(3) For purposes of subsection (3) of this section, the term “viable relationship” means a relationship in which the grandparents or either of them have voluntarily and in good faith supported the child financially in whole or in part for a period of not less than six (6) months before filing any petition for visitation rights with the child or the grandparents have had frequent visitation including occasional overnight visitation with said child for a period of not less than one (1) year.

Section 93-16-7 states:

This chapter shall not apply to the granting of visitation rights to the natural grandparents of any child who has been adopted by order or decree of any court unless:  (1) one (1) of the legal parents of such child is also a natural parent of such child;  or (b) one (1) of the legal parents of such child was related to the child by blood or marriage prior to the adoption.   This chapter shall apply to persons who become grandparents of a child by virtue of adoption.

 ¶ 8. The paternal grandmother and the parents are related to the child by blood prior to her adoption.   Therefore, § 93-16-7 applies, and the paternal grandmother has standing to petition for visitation with the child under the grandparents' visitation statutes.   Presiding Justice McRae, in his dissent, states that, under our law, the paternal grandmother is a “stranger” to the child and that her rights were terminated when the child was adopted. This is a misstatement of our law because § 93-16-7 clearly gives the paternal grandmother standing to seek visitation.   The Legislature would not have given a natural grandparent standing to seek visitation if it considered natural grandparents to be “strangers” and intended for their visitation rights to be terminated.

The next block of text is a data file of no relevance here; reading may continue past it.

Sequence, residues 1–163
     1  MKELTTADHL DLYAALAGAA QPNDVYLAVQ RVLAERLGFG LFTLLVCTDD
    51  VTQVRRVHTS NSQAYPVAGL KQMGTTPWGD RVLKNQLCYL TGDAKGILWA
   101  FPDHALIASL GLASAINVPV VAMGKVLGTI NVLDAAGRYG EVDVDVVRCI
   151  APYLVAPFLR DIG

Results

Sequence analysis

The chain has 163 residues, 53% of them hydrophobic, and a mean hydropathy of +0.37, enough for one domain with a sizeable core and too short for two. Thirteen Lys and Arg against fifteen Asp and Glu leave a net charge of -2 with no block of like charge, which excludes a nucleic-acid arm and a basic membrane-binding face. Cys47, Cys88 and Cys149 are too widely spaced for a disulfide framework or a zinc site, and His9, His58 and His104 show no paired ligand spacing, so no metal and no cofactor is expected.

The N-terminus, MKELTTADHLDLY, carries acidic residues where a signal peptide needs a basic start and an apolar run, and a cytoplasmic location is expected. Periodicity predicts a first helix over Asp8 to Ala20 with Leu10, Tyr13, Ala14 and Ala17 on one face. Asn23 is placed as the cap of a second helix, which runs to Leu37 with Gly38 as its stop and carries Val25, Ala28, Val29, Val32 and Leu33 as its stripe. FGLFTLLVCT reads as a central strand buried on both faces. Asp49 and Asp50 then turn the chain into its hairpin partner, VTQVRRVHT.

¶ 9. Notwithstanding the paternal grandmother's standing to petition for visitation, a natural grandparent's statutory right to visit her grandchild is not as comprehensive as a parent's visitation rights.  Settle v. Galloway, 682 So.2d 1032, 1035 (Miss.1996).

 ¶ 10.   The best interests of the child must be the polestar consideration in awarding grandparent visitation.   In addition to this paramount concern, we have adopted ten factors that are to be considered by a chancellor in making a determination regarding grandparent visitation:  (1) The amount of disruption that extensive visitation will have on the child's life.   This includes disruption of school activities, summer activities, as well as any disruption that might take place between the natural parent and the child as a result of the child being away from home for extensive lengths of time;  (2) The suitability of the grandparents' home with respect to the amount of supervision received by the child;  (3) The age of the child;  (4) The age, and physical and mental health of the grandparents;  (5) The emotional ties between the grandparents and the grandchild;  (6) The moral fitness of the grandparents;  (7) The distance of the grandparents' home from the child's home;  (8) Any undermining of the parent's general discipline of the child;  (9) Employment of the grandparents and the responsibilities associated with that employment;  (10) The willingness of the grandparents to accept that the rearing of the child is the responsibility of the parent, and that the parent's manner of child rearing is not to be interfered with by the grandparents.   Martin v. Coop, 693 So.2d 912, 916 (Miss.1997).   None of these factors should receive more weight in the chancellor's analysis than any other, and these factors are not all-inclusive.   The chancellor should weigh all circumstances and factors she feels to be appropriate.  Id.

WHETHER THE CHANCELLOR ABUSED HER DISCRETION AND/OR COMMITTED MANIFEST ERROR BY NOT SPECIFICALLY ADDRESSING THE MARTIN FACTORS.

 ¶ 11.   The paternal grandmother contends that the chancellor did not properly consider the Martin factors.   A chancellor's failure to follow enumerated guidelines is manifest error when specific findings of fact corresponding to such guidelines is required.  Gray v. Gray, 745 So.2d 234, 238 (Miss.1999).   However, it is presumed on appeal that the chancellor has taken all factors into consideration.  Voda v. Voda, 731 So.2d 1152, 1155 (Miss.1999) (citing Tanner v. Tanner, 481 So.2d 1063, 1064 (Miss.1985)).